Roses bloom in garden
BORDERED by vibrant colour, the large Queenslander atop the hill provides visitors with views down Warton St to Gayndah.
The Gayndah Hospital’s green lawns are dotted with tall shade trees, bordered with bougainvilleas and planted with beds of roses and gerberas.
Brad Doyle, who tends the grounds part-time, said his favourite area was the rose garden planted inside the roundabout at driveway’s end, where blooms of pink,
REFLECT: A beautiful rose. white and yellow capture the eye and gladden the heart.
“A few of the roses are really old,” Mr Doyle said.
“It’s sort of hard doing (the gardening) only three days a week to keep the roses maintained.
“They really need looking after for aphids, black spot and rust.
“They don’t really like the town water – it’s hard to keep the diseases off.”
Mr Doyle said mulching done a few months ago “will last for ages” and the pruning would be done in cooler weather.
The beds in front of the hospital building feature gerberas, but Mr Doyle’s favourite hybrid, Fireworks – “a big fluffy pom pom” – is not yet in bloom.
“They’re pretty hardy, they just sort of grow,” Mr Doyle said.
“They need cutting right back and they spring right back.
“I pull off dead leaves and sometimes need to separate (the plants).”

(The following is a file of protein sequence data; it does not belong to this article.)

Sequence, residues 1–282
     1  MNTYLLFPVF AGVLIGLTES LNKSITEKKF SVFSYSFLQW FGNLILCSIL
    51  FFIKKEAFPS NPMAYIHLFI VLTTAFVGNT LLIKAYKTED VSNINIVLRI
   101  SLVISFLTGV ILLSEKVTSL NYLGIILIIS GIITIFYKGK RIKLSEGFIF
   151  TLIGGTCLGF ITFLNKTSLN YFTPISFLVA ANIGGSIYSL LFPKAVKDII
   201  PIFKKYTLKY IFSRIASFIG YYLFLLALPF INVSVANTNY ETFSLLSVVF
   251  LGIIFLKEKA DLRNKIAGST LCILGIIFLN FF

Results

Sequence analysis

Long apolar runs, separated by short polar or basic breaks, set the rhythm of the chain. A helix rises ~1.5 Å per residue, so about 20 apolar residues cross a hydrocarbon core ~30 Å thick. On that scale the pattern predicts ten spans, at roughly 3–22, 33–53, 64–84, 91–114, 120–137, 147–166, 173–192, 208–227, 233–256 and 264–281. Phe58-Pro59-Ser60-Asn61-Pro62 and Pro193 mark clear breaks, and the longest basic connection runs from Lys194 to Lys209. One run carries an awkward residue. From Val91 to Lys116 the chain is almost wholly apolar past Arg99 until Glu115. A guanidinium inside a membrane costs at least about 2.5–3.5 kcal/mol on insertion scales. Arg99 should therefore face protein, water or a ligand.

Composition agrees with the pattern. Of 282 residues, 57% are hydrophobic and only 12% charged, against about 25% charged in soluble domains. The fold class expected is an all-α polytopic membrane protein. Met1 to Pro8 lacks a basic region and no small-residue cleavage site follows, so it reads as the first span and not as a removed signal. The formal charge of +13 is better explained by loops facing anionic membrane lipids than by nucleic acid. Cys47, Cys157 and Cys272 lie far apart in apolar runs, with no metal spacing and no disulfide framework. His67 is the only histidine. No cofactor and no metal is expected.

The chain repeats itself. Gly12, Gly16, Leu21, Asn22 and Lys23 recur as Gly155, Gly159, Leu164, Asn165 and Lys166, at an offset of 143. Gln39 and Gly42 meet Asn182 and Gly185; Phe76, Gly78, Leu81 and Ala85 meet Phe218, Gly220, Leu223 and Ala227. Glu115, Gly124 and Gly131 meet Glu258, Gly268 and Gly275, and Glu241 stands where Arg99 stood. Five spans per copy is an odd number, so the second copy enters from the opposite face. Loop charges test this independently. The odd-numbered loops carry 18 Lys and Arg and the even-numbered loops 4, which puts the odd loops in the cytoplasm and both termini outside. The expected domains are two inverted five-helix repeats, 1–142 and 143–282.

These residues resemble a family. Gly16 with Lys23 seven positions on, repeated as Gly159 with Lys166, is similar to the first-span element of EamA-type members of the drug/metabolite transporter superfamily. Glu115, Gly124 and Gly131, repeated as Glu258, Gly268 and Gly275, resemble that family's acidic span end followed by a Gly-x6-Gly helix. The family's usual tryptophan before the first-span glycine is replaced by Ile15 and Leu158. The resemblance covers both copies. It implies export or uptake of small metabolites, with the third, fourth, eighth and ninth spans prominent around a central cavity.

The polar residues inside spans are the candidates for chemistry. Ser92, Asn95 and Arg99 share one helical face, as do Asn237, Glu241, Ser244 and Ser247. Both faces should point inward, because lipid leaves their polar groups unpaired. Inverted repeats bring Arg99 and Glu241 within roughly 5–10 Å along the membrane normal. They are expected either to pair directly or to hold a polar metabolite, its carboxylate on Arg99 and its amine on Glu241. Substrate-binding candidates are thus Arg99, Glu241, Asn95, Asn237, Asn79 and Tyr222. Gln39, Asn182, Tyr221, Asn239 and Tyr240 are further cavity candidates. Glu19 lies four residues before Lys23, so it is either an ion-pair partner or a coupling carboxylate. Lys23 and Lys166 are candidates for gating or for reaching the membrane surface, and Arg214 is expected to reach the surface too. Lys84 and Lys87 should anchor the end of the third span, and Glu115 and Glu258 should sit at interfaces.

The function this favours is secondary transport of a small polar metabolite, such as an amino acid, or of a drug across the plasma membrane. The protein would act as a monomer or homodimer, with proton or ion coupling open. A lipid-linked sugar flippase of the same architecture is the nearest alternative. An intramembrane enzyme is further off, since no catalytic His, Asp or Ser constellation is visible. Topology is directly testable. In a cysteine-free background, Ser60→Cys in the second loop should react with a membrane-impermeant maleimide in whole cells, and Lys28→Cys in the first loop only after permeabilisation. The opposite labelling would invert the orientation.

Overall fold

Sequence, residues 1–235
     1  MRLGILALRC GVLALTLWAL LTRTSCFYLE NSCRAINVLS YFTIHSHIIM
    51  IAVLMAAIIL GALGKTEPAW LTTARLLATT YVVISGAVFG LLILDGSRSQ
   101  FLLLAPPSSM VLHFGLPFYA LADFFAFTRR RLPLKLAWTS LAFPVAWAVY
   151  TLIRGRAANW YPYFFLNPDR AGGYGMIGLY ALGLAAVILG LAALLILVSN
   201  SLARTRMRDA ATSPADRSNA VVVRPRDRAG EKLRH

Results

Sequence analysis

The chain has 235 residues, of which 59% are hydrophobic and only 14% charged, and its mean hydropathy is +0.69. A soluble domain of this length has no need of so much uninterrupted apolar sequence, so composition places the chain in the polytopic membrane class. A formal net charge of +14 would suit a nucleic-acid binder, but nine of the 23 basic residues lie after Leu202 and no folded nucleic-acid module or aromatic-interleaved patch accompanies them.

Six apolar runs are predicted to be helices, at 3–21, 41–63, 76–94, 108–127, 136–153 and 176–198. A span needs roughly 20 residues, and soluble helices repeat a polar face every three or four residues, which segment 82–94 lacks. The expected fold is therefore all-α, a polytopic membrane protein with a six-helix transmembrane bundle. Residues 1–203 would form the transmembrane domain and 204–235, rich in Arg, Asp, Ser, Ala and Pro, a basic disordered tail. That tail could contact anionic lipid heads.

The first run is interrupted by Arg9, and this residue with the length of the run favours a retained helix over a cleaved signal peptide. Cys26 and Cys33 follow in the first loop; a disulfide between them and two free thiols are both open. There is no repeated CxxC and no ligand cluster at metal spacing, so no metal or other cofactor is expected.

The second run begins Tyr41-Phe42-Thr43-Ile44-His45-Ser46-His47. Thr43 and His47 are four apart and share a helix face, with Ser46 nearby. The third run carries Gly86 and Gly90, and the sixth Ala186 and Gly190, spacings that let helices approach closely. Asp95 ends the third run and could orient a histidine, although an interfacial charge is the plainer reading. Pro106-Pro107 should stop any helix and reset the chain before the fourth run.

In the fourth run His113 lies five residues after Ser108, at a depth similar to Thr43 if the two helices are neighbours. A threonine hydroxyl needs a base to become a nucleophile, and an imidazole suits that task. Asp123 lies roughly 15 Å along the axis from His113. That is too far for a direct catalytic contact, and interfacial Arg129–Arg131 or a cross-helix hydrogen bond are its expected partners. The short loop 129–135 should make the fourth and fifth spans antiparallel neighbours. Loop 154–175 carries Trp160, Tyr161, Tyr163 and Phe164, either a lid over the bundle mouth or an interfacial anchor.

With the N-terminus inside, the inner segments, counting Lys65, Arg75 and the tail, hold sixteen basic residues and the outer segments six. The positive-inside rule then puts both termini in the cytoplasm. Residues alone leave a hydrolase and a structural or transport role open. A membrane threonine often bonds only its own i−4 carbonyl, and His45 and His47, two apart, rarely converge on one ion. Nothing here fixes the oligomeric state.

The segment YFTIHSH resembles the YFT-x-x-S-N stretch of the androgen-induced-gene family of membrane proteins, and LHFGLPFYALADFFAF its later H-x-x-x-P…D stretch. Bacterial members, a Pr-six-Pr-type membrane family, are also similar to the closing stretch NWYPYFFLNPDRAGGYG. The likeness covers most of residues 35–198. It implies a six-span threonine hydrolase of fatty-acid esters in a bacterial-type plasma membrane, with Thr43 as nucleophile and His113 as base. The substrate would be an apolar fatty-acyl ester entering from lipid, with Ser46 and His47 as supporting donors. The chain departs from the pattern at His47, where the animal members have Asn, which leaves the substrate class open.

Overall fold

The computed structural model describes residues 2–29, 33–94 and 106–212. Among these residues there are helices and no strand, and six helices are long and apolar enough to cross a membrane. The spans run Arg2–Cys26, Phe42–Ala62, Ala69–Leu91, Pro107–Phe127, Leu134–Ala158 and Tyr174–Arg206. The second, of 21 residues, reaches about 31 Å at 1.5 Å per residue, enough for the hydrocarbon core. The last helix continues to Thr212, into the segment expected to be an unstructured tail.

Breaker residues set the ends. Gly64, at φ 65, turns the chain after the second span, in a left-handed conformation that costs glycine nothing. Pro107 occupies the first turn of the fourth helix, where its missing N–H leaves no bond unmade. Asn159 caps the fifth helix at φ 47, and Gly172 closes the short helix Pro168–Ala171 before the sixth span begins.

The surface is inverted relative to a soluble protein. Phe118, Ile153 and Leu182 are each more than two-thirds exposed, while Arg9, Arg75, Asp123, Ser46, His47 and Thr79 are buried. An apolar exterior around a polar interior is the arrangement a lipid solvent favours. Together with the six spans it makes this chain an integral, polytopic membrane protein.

Taking after his relative Dallas Doyle, a grand champion rose gardener, Mr Doyle entered this year’s Gayndah Show, collecting first and second in gerberas, and third with a mixed bowl of roses.
Lining the Warton St fence and the archway into the park are bougainvilleas and hedge plants.
“The bougainvilleas are in pinks, whites and apricots,” he said.
“They were hedged a week ago.
“You need to keep water on them and fertiliser, blood and bone.”
Through the archway and into the parkland, the shade becomes more pronounced.
Bromeliads and ferns nestle under trees, and branches filled with yellow blooms reach out for a trellis.
Mr Doyle indicated the trees cordoned off were ill and were soon to be removed.
Returning uphill to the hospital, the house of healing where he works as a wardsman, Mr Boyd said the secret to the garden was that it had not been over planted.
Since he arrived last August the garden has been subjected to persistent heat, with temperatures climbing to the mid-30s from September.
“During the heat, just keep the water up,” he said.
“It wasn’t too bad and we looked after what was there.
“We’ll be replanting according to season, with snapdragons in winter/spring.
“The winter plants like marigolds like the cool more than the heat.”
And whatever the season, the garden will spread its peace to who all that enter.
SWEET SCENT: A rose garden takes pride of place at Gayndah Hospital's circular driveway.
Groundsman Brad Doyle at work.
A trio of flowers, from bud to blossom.
A well-planted garden provides a peaceful and colourful vista for Gayndah Hospital staff and visitors.
An arch in the rose garden frames the hospital entrance.
One of the beautiful roses now in bloom at Gayndah Hospital.
A melody of colour greets visit to the hospital gardens.